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Vaasa

Country
Finland
State
Lansi-Suomen Laani
City
Vaasa
Type of Location
Multiple
About Location

Vaasa was an important place of governance when Finland was part of Sweden. It started in the 14th century when Korsholm castle was built near the village of Mustasaari. In 1606 the village of Mustasaari was granted city status and five years later it was renamed Wasa in honor of the Swedish royal lineage. The old names live on in the municipality that surrounds Vaasa as it is called Korsholm in Swedish and Mustasaari in Finnish. The old town of Vaasa burned to the ground in 1852, and when it was rebuilt it was relocated closer to the sea some six kilometers northwest from its original location.



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How to Reach

By plane

There are daily regular flights from Vaasa airport to Helsinki (Finnair, Blue1 and Golden Air/Finncomm Airlines), Stockholm, Sweden (Blue1) and 4 times a week to Umea, Sweden

By train

All trains from Helsinki to Oulu and Rovaniemi via Tampere stop at Seinäjoki. From there you can take connection trains, which head to Vaasa. There are also trains that go straight to Vaasa via Seinäjoki. Three of these trains also go from Vaasa to Jyväskylä via Seinäjoki. Check timetables at the state railway company (VR)

By car

Main road 3 (also E12) from Helsinki through Tampere to Vaasa (419 km). The coastal main road 8 (E8) goes from Turku through Rauma and Pori to Vaasa (332 km) and from Vaasa through Kokkola to Oulu (318 km).

By bus

There are west coast bus connections from Oulu to Turku, which go through Vaasa. Busses associate Vaasa also to Tampere, Pori and Kokkola. Check Matkahuolto for timetables and such

By boat

A ferry line called RG Line traffics daily between Vaasa and Holmsund,Sweden.
People arriving with their own motor- or sailboat can make use of Wasa Segelförening (one of Finlands oldest sailing societys on the island of Vaskiluoto. They run the official guest harbour of Vaasa and offer good services for the occasional boat captain. There's a good view over town from the harbour and it's a two kilometer walk into the center.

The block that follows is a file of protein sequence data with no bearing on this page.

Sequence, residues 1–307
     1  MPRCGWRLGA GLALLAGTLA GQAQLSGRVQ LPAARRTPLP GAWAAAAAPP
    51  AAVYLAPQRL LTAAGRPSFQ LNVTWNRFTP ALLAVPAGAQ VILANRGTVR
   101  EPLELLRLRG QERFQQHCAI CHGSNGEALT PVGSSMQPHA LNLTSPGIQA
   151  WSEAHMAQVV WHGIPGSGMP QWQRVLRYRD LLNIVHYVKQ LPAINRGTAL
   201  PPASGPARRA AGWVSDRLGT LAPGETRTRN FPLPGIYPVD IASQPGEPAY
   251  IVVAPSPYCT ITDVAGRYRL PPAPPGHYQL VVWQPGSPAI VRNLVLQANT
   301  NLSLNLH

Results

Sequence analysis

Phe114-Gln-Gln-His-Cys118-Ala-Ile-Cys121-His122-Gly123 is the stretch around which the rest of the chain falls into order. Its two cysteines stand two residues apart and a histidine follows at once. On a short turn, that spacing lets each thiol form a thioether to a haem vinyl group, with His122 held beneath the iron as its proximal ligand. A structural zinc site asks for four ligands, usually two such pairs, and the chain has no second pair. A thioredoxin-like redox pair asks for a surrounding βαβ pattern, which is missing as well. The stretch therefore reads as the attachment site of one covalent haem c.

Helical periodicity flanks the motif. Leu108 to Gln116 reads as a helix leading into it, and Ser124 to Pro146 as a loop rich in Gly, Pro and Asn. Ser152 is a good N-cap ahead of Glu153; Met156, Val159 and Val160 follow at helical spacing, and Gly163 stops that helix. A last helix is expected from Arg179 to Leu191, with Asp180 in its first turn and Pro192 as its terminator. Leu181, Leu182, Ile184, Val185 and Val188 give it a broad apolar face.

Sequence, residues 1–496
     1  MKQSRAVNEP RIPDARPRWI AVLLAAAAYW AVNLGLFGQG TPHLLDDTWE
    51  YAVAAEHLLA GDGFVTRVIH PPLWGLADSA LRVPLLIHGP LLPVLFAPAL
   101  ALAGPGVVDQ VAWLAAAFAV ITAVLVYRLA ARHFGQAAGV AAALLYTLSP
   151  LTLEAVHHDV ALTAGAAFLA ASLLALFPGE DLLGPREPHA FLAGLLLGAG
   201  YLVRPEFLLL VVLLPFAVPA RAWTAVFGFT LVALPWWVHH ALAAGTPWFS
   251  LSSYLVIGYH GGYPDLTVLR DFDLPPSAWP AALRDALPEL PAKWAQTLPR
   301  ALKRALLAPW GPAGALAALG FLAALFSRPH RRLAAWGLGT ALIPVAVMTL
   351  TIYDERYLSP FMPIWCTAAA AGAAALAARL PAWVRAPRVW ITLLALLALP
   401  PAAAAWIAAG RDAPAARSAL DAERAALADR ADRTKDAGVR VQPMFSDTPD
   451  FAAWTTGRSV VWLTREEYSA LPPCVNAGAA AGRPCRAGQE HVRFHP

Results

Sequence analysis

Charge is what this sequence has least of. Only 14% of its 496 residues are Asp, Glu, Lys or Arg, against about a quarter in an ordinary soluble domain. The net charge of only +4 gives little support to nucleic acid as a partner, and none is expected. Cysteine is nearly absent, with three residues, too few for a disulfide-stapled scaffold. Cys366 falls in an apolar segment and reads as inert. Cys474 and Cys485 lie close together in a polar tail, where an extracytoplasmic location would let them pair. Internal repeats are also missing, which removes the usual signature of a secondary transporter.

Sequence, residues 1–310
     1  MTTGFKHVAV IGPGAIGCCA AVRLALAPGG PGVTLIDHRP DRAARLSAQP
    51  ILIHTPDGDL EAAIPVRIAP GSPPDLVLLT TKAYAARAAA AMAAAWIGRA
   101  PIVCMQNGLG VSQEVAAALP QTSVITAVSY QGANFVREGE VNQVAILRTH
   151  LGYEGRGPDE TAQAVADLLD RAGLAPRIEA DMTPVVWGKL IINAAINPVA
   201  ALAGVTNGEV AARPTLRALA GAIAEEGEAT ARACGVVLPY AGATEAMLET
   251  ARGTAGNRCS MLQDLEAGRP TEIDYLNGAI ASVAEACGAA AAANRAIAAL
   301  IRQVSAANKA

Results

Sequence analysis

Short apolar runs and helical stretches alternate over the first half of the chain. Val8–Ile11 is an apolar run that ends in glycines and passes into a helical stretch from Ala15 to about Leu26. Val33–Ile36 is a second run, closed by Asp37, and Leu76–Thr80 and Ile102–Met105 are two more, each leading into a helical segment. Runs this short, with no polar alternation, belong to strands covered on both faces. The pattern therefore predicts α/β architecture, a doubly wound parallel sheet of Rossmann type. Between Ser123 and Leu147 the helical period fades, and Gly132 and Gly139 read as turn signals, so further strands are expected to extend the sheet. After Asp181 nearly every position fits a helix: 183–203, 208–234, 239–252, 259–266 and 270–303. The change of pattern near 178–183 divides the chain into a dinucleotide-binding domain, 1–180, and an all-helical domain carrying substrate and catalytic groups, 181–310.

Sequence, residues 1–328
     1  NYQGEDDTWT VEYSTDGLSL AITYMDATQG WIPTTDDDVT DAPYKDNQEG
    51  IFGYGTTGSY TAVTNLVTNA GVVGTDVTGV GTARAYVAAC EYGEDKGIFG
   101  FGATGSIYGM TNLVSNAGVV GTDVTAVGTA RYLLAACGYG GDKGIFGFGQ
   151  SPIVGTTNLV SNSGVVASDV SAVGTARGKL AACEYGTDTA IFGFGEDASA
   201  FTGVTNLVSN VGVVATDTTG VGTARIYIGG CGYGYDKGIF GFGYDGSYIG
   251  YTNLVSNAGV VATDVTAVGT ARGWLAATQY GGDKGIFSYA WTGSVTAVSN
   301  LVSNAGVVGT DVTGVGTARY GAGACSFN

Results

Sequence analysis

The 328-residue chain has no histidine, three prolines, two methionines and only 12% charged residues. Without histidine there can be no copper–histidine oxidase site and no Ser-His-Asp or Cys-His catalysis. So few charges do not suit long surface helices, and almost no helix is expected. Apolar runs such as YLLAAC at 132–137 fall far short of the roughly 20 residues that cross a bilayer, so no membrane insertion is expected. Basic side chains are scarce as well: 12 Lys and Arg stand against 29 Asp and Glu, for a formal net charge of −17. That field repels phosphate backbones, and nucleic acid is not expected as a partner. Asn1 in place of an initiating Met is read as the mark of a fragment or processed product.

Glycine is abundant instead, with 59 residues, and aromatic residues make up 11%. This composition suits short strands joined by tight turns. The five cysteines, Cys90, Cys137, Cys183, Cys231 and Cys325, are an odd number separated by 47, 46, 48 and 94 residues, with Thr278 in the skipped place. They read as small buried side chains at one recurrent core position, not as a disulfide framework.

Key places to visit
Old Vaasa, Soderfjarden, Trinity Church and surroundings, Contemporary architecture, Vaasa City Library


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Places to Visit

Old Vaasa

Old Vaasa is situated about 6km south east of the todays town featuring ruins from the first town of Vaasa that burned down in 1852 and a 18th century court building that survived the destruction but was redone into the Church of Korsholm when the town was rebuilt at a new location closer to the sea. The banks of the 14th century Korsholm castle are still visible and can be found west of the Church of Korsholm.

Soderfjarden

South of Vaasa in the rural area of Sundom is a big cultivated area called Soderfjarden. When seen from the top of Öjberget, a hill right beside the big flat area, you see that the whole area is round. This is because it is an old crater which probably was caused by a meteor millions of years ago.

Trinity Church and surroundings

In the vicinity of the neogothic Trinity Church you will find City Hall, which also houses the Tourist office on the bottom floor. Along Vaasanpuistikko on the south side of the Church is the City Council and close by is Vaasan Lyseon Lukio, which is a Finnish-speaking upper secondary school. West of the church is a another school building with the text Lyceum. This is Vasa Övningsskolas

Contemporary architecture

There are some interesting buildings to see if you are an architecture buff of the modern sort. One interesting area is the Campus of Vaasa university already mentioned above, another is the city's Center City Block, also called Rewell Center, which was designed by architect Viljo Revell and finished in 1963. In the neighbourhood of Huutoniemi (sw: Roparnäs) you'll find Huutoniemi Church, a modernist building finished in 1964 and designed by Aarno Ruusuvuori. Significant industral architecture is well represented in Strömberg Industral Park and the City Library, also mentioned above, is an interesting meld of old and new.

Vaasa City Library

Check out what is happening in your corner of the world in the international papers provided in the City Library on Kirjastonkatu 13. If you can't find a suitable paper then try the internet on one of the computers. It's free. And while you are there, breathe in some of the cultural history involved. The first lending library in Finland was established in Vaasa 2.8.1794. The current city library was built in 1936 and in 2001 a extensive renovation and enlargement of the library was complete taking both old and new elements into account.

Right Time to Visit

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